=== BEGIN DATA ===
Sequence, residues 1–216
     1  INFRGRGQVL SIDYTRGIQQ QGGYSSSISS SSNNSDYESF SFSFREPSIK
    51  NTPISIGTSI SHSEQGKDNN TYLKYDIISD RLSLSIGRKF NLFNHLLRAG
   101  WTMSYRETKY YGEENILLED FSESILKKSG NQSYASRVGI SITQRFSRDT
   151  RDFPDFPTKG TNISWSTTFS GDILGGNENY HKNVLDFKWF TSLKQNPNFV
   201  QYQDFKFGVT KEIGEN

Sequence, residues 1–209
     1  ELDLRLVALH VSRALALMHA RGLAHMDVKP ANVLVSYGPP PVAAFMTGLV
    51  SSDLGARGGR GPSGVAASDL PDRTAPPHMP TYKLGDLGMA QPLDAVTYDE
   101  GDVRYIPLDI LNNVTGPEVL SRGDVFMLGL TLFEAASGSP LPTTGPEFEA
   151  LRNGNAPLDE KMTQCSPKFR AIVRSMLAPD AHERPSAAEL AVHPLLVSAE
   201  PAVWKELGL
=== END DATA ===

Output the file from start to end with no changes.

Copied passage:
Sequence, residues 1–216
     1  INFRGRGQVL SIDYTRGIQQ QGGYSSSISS SSNNSDYESF SFSFREPSIK
    51  NTPISIGTSI SHSEQGKDNN TYLKYDIISD RLSLSIGRKF NLFNHLLRAG
   101  WTMSYRETKY YGEENILLED FSESILKKSG NQSYASRVGI SITQRFSRDT
   151  RDFPDFPTKG TNISWSTTFS GDILGGNENY HKNVLDFKWF TSLKQNPNFV
   201  QYQDFKFGVT KEIGEN

Sequence, residues 1–209
     1  ELDLRLVALH VSRALALMHA RGLAHMDVKP ANVLVSYGPP PVAAFMTGLV
    51  SSDLGARGGR GPSGVAASDL PDRTAPPHMP TYKLGDLGMA QPLDAVTYDE
   101  GDVRYIPLDI LNNVTGPEVL SRGDVFMLGL TLFEAASGSP LPTTGPEFEA
   151  LRNGNAPLDE KMTQCSPKFR AIVRSMLAPD AHERPSAAEL AVHPLLVSAE
   201  PAVWKELGL